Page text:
“You’re going to have to put even more focus on the online voter registration system and even more on the registration databases,” Norden said. Those databases will have to be accurate and up to date to verify the people voting by mail.
The Senate Intelligence Committee last year said in a report that, during the 2016 election, Russian intelligence services conducted reconnaissance on election systems including voter registration databases in all 50 states. The Department of Homeland Security has said publicly that only 21 states’ computer systems were targeted, and seven were breached. U.S. officials have said no details were changed or votes were altered as a result.
Hacking and altering the database is not the only concern, Norden said. The online registration sites and portals that allow voters to ask for mailed ballots should be capable of handling the surge and be secure from denial of service attacks, he said.
In the United Kingdom, a voter registration site crashed in June 2016 just before the deadline for voters in the country to sign up and vote on the Brexit referendum. While the U.K. government has said the crash stemmed from a surge in demand, it could have been caused by a denial-of-service attack, a group of British parliamentarians has said.
In a denial-of-service attack, an attacker can automate the process of seeking information from a website and generate such a huge volume of such queries that it causes the site to crash.
“We need to be extra prepared in the days before registration deadlines, to ensure that the systems can handle the surge,” Norden said.
With large-scale use of mailed ballots, provisional ballots that are often handed out on Election Day to a voter whose identity cannot be verified at a precinct are no longer an option, and therefore the integrity of registration databases “becomes even more important,” Norden said. “You’ve got to audit the database beforehand to ensure it’s accurate,” and states have to undertake penetration testing of their cyber defenses to make sure the systems can withstand an attack, he said.
But a surge in mailed ballots also could yield some upsides — more paper ballots means that they all can be audited. The combination of changes already made by states since the 2016 election and a potential rise in vote-by-mail could mean that well over 90 percent of voters may generate a paper ballot in November, Norden said.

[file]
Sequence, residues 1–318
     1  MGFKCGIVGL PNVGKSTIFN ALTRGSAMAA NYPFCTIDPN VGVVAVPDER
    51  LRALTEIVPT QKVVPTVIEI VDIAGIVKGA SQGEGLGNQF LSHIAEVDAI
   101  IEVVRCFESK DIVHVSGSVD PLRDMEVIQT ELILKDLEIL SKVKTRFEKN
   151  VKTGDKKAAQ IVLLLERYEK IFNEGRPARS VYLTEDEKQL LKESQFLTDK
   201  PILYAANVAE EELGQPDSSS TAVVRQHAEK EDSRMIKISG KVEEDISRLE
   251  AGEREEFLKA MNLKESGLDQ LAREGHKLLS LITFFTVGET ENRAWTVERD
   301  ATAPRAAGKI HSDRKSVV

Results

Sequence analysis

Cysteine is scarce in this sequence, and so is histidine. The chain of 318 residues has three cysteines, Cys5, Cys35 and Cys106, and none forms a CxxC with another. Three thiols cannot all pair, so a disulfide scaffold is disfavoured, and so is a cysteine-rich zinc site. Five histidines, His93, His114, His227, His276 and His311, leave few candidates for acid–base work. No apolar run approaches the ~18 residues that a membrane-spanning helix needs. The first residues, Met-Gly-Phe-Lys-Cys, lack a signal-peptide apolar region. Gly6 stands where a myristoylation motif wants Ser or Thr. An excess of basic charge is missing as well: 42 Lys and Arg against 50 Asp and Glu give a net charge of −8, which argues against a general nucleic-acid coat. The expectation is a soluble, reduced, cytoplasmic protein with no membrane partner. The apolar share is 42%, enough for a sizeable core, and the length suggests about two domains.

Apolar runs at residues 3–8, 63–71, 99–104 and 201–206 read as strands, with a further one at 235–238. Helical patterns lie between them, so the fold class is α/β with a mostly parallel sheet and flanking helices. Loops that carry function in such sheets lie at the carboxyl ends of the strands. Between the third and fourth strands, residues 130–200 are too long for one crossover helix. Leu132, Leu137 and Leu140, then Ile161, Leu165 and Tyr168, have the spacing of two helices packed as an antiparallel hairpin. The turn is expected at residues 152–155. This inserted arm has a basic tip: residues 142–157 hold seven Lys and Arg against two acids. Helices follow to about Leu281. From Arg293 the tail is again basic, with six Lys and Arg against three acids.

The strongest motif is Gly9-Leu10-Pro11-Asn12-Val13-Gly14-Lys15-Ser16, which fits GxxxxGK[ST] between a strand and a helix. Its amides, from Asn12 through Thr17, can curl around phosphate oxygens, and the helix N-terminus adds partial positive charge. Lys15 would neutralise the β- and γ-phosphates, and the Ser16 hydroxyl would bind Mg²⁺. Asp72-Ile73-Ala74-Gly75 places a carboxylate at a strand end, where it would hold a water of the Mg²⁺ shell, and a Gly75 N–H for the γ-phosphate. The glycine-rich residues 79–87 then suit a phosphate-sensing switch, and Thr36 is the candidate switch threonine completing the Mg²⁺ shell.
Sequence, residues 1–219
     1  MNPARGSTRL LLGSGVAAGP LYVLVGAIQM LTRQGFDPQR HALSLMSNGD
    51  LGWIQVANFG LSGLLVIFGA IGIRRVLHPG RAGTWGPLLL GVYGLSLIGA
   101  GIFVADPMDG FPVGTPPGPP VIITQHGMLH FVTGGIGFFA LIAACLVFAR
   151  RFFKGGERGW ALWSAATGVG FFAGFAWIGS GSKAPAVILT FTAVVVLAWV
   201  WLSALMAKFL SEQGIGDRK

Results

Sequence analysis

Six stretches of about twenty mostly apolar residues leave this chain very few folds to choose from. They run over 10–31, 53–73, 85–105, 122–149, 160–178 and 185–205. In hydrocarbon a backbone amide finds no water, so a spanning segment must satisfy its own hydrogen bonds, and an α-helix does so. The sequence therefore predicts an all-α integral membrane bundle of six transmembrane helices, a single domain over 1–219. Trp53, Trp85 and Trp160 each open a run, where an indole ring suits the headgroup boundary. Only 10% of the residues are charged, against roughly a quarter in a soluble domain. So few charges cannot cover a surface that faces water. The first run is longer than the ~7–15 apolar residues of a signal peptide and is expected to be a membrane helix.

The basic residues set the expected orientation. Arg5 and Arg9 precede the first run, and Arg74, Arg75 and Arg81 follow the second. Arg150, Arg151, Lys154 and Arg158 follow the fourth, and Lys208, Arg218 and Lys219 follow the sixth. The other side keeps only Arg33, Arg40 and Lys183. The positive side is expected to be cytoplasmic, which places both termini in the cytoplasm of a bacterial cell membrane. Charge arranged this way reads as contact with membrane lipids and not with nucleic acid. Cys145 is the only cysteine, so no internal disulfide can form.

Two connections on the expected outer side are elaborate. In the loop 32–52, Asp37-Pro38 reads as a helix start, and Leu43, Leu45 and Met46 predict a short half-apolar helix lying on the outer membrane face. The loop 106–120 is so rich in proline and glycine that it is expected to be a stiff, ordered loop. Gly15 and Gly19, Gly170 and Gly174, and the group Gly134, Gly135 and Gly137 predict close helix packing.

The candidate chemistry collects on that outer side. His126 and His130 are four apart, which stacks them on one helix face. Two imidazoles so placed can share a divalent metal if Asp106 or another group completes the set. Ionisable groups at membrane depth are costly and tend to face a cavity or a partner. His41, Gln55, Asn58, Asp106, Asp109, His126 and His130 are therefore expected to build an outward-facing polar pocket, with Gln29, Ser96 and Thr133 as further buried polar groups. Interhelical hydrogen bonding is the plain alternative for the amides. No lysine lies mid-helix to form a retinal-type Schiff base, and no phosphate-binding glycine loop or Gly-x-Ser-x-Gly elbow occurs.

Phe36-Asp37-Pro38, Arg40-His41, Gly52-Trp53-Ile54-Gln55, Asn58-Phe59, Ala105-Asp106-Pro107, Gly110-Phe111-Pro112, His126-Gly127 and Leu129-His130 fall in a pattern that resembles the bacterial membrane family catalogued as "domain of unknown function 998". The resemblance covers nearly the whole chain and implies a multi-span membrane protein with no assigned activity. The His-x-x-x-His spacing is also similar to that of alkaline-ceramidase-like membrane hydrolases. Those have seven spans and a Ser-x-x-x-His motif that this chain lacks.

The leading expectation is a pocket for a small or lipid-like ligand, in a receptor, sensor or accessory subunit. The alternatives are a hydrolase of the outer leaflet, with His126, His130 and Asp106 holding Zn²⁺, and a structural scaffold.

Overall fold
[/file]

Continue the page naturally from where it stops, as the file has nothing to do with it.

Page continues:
In addition to ensuring that online voter registration websites and sites to request mail-in ballots are secure from cyberattacks and can withstand spikes in demand, states also are figuring out new equipment they’ll need to process, verify and count mailed ballots, Hovland said.
States may need automated sorting equipment that can cost as much as $1 million, and it could take some jurisdictions months to procure, install and train workers to use them, Hovland said.
Just as physical voting characteristics vary county by county, the 8,800 local jurisdictions may also have variations in how they handle vote-by-mail, Hovland said.
Some localities may process mailed ballots in precincts where the voters would normally have voted, while others may centralize the scanning and counting process, he said. Each approach would generate different requirements for machines.
Many western states also provide dedicated drop boxes where voters can drop off their ballots instead of mailing them, saving on postage. But boxes require upfront costs.
Introducing drop boxes in states that don’t have them will require buying the boxes, hiring contractors to install, including bolting them to ensure no one can walk away with a box, weatherproofing them and even installing security cameras to monitor them.
On election night, jurisdictions offering drop-box service will have to have teams of people going around collecting votes and locking up the boxes to ensure no one drops in their ballot after the deadline, Hovland said. Voters new to vote-by-mail options would have to be educated on how to use them, he said.
“There’s a substantial investment in the infrastructure and those costs have to be considered,” Hovland said.